Appeared in Brownsville Herald and Valley Morning Star on December 12, 2010
By Lisa Mitchell-Bennett
During the holidays emotions and stress are heightened. This is not always a negative, yet it is a reality, and a good time to take stock of how our emotions dictate our behavior. Many of us could define ourselves as “emotional eaters”. While this doesn’t sound very scientific, behavioral scientists and nutrition experts have found that environmental “cues”, or emotional states, can encourage eating for non-hunger reasons. This type of emotionally-triggered eating can affect our health and well-being and experts estimate that it causes over 75% of over-eating in this culture.
What does emotional eating look like? For many people it means that food provides a type of comfort during a time of emotional stress, such as loss, fear, anger and even boredom. Some signs that you are eating in response to emotions and not hunger include the following:
- Your hunger comes on strong, all at once and you feel like you need to eat immediately. Physical hunger usually comes on gradually.
- You crave a specific food (“I have to eat some chocolate or pizza!”). Physical hunger is not so specific and can be relieved with numerous types of nutrients, yummy or not.
- When you feel physically full, you keep eating, even after you have consumed more than the necessary calories to produce the energy you expend throughout the day.
- You have feelings of guilt after you eat.
Okay, so now that we have all diagnosed ourselves what can we do? The U.S. Centers for Disease Control recommends three simple steps: Reflect, replace and reinforce.
REFLECT on all of your specific eating habits, both bad and good; and, your common triggers for unhealthy eating. Is your hunger physical or emotional? If you ate a few hours ago you are probably not really hungry. Keep a food diary to see connections between your “mood and food”. Identify and anticipate stressful days of week, seasons of the year, visits from family members, or other triggers for stress.
REPLACE your unhealthy eating habits with healthier ones. Get support from friends and family—even co-workers. Call a friend or family member to talk about stress and emotions instead of sitting alone with a bag of chips. Find activities that help manage your stress like exercise, walking, yoga, dance, meditation and/or prayer. Get enough sleep and drink enough water. Often when we think we are “hungry” we are just exhausted or thirsty. When you are bored, get outside, play with a pet, call a friend—do anything but eat—until you can identify if you are really hungry or just bored.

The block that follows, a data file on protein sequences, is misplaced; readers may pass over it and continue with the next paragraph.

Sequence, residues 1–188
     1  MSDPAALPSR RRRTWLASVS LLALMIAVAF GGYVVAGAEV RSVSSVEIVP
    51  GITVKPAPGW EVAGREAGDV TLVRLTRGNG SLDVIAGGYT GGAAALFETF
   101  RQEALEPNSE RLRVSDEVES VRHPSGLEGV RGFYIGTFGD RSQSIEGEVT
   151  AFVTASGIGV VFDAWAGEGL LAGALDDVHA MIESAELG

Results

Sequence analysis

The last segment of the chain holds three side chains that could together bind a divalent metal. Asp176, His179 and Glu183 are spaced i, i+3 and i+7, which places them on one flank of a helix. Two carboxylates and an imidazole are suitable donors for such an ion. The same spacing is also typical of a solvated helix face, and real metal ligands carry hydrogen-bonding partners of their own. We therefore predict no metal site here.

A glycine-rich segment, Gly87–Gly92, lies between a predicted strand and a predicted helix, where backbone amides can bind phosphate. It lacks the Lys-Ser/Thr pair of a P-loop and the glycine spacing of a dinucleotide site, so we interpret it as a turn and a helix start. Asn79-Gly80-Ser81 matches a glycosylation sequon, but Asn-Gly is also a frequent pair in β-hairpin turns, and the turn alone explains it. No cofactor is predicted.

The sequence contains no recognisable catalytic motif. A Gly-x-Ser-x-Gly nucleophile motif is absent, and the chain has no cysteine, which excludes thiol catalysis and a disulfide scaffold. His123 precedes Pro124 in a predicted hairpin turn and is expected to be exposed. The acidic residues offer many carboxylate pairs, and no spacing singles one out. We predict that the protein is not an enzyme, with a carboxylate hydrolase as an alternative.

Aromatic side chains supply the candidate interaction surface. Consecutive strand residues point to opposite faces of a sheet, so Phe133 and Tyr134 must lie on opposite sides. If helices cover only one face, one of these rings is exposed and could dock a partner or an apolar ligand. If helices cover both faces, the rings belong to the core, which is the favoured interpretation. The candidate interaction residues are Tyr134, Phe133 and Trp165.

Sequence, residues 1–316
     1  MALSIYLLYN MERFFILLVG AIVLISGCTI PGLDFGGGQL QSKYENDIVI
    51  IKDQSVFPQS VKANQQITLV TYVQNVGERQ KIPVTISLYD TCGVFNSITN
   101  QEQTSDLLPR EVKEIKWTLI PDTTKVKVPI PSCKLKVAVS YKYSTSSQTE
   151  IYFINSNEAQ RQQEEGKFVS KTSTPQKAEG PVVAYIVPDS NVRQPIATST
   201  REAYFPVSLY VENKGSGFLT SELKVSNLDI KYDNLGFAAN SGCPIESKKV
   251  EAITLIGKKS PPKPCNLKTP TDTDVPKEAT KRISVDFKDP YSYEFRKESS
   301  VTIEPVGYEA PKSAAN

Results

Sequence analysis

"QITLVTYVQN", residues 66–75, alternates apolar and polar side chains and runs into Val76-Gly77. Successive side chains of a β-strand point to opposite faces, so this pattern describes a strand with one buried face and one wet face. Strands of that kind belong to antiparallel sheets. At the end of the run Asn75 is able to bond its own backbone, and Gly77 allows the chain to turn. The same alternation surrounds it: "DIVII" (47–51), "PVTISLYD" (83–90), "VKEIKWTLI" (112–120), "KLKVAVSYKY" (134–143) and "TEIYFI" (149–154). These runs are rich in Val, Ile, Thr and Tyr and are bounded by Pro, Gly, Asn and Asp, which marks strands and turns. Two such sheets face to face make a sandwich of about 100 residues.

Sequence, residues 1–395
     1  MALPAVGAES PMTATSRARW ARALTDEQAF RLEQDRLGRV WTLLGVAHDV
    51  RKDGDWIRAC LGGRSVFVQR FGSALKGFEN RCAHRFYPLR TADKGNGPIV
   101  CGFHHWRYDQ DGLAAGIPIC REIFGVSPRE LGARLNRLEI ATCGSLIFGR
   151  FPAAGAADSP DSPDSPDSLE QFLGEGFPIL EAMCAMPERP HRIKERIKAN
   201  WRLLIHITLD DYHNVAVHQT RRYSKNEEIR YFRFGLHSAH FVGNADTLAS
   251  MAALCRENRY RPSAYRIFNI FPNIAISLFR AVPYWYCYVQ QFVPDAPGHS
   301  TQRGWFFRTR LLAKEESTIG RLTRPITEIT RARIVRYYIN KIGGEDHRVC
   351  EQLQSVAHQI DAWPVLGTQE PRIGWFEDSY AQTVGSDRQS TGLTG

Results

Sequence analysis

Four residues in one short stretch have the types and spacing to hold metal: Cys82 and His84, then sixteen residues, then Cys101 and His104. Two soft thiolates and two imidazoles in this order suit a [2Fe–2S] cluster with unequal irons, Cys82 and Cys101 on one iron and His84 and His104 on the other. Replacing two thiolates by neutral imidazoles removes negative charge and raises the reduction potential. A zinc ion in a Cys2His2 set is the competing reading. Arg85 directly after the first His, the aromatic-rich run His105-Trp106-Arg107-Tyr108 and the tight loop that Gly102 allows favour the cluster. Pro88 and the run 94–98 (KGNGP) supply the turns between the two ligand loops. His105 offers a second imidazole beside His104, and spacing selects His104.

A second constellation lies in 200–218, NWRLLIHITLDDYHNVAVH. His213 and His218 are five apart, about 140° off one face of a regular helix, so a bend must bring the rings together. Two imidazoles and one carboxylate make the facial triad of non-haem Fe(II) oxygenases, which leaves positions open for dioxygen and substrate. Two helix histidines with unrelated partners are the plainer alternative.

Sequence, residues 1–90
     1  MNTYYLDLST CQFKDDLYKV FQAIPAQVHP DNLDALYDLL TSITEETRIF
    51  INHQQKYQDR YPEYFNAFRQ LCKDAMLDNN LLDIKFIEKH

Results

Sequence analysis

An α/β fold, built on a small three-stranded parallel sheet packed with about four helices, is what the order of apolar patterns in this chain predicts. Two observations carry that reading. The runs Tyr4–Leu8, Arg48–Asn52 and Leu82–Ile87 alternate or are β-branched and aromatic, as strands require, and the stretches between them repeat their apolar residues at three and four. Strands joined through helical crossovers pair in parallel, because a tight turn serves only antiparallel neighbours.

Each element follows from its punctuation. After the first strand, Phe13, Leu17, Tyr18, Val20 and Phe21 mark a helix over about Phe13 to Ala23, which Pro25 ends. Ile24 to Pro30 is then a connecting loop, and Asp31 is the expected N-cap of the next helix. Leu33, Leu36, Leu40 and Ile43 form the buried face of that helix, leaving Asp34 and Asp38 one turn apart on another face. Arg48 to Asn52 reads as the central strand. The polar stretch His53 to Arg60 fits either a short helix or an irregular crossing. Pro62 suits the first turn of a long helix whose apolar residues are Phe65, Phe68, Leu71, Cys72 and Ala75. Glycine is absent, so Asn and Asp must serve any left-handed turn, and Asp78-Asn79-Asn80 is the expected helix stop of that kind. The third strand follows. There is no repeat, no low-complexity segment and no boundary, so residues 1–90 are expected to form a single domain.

REINFORCE your new, healthier eating habits. Reward yourself (not with food) with positive words or a healthy gift when you have avoided emotional eating for a week, a month, etc. Take away the temptation by removing the foods you tend to turn to for comfort from your home so it takes more effort to eat as an emotional response. Don’t deprive yourself of food. Eat regular meals, healthy snacks, and if you do eat for emotional reasons one day, start over the next day. Be positive and forward-thinking. Tell your loved-ones about your struggles and successes.
It is always recommended that you talk with your doctor, and seek therapy or counseling if you feel that you have an eating disorder, or any other physical or mental health issue. During this holiday season of high emotions, stress, work and family expectations, give yourself the gift of some time to reflect on how your feelings dictate your eating behavior. Use the steps above (reflect, replace and reinforce) as your guide to making healthier decisions about food and stress, because Tu Salud ¡Si Cuenta! (Your Health Matters!)